Confounding the Crisis: German Exports Soar above One Trillion Euros
The menacing currency crisis is dominating discussion in the European Union -- but the German economy continues to be spared. This year companies there will manage to exceed exports of more than a trillion euros, a figure not even reached during the boom year of 2008.
The economic outlook for euro-countries, including Germany, has deteriorated significantly of late. But the current situation remains rosy for German companies, whose products are in greater demand abroad than ever before.
Within the year, German exports will surpass the 1 trillion mark, the Federation of German Wholesale, Foreign Trade and Services (BGA) reported on Tuesday. Even in the country's legendary boom year of 2008, exports came up just short of the historic number.
Exports are up by 12 percent for 2011 some two months before year's end, with further growth expected for next year, the organization said. In 2012, exports are projected to increase by at least 6 percent to 1.139 trillion. German exports make up some 9.5 percent of world trade, the exporters' association estimates. "Stormy times on the financial markets are accompanied by remarkably stable channels in the real economy," BGA president Anton Börner said.
Germany appears to be an island of tranquillity on the labor market too. Despite growing recession fears, there were more open positions available in November than ever. After a brief lull in Sept. and Oct., demand for workers climbed to a record high, the Federal Employment Agency (BA) reported. Two out of three such jobs, however, were offered on a temporary basis. "Companies in Germany obviously want to recruit despite countless uncertainties on the international financial markets," according to the BA.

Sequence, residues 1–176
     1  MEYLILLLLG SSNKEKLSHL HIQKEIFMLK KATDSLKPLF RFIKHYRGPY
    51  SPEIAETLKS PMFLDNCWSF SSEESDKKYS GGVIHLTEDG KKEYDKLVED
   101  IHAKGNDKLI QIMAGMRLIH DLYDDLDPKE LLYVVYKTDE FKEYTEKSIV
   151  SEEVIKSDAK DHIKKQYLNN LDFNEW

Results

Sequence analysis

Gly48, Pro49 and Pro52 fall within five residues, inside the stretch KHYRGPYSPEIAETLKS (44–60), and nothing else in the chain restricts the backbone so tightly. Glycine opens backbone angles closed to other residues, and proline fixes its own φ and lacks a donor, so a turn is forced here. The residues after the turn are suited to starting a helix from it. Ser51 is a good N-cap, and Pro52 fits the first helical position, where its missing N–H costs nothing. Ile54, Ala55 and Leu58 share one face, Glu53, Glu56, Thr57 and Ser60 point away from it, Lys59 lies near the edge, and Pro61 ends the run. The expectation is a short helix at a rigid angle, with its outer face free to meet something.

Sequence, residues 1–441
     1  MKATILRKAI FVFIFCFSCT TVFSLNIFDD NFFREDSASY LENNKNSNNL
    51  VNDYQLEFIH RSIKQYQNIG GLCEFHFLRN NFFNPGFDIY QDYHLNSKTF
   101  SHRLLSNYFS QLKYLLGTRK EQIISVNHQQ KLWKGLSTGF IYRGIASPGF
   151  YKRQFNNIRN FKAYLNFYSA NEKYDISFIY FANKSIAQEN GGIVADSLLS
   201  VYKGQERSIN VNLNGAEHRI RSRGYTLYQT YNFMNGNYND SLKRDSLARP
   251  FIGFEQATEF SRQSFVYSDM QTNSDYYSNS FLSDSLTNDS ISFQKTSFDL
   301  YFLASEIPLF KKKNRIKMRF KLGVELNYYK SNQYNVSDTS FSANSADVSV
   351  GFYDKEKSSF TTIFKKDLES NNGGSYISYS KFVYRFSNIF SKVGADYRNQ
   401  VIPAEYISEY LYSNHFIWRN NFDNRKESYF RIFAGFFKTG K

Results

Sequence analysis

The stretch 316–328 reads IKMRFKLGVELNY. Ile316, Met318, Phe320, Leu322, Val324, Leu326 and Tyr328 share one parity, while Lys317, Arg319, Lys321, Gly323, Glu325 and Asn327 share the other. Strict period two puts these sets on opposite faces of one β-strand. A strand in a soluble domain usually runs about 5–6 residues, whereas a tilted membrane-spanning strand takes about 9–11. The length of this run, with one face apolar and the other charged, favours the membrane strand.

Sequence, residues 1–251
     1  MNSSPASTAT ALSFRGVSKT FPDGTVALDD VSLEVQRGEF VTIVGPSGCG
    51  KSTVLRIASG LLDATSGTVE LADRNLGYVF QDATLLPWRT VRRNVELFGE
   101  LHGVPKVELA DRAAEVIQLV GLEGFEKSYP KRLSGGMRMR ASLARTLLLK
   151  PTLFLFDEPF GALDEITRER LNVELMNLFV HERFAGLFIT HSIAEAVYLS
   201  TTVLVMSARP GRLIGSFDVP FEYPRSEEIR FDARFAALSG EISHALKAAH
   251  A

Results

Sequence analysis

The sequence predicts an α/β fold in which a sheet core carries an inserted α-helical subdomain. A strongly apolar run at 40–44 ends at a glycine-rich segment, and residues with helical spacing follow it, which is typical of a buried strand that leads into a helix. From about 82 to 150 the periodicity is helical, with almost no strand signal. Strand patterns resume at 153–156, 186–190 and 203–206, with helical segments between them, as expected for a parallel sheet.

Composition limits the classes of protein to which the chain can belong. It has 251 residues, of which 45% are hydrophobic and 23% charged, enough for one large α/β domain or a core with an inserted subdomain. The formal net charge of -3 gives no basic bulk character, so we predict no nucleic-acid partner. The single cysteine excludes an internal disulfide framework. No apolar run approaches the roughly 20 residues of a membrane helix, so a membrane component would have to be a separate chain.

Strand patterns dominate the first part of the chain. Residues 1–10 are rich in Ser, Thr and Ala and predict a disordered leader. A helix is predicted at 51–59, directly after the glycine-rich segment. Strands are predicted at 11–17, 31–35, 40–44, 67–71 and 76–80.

The situation is attributed to two central factors: First, in good times more workers change jobs than they do during an economic crisis. Second, it often takes time to fill vacancies with qualified workers. Meanwhile the favorable job market has inspired healthy consumer spending among Germans. For the third time in a row the consumer climate rose this month, market research group GfK reported on Monday.
Tensions Remain High
Still, BGA president Börner warned, excess optimism isn't called for. Should the debt crisis lead to a credit crunch, the real economy could quickly suffer, he said, adding that the success of Germany's export-dependent economy relies on the fate of the common currency. Were the euro to fail, the economic and political consequences would be great, he said. "It would mean nothing less than ... renationalization and protectionism," Börner said. "In the end, the Balkanization and marginalization of Europe."
The level of tension in the euro zone is evident from a European Commission barometer, the Economic Sentiment Index (ESI), which surveys the mood among consumers and the service, retail and construction industries. It sank from 94.8 points in October to 93.7 points in November.
The indicator also showed a gloomier economic climate than expected across individual euro-zone nations, with France taking the heaviest loss, followed by the Netherlands, though heavily indebted Spain and Italy saw slight improvements. In Germany, the ESI was practically unaltered, down just 0.1 percentage points.
kla -- with wires
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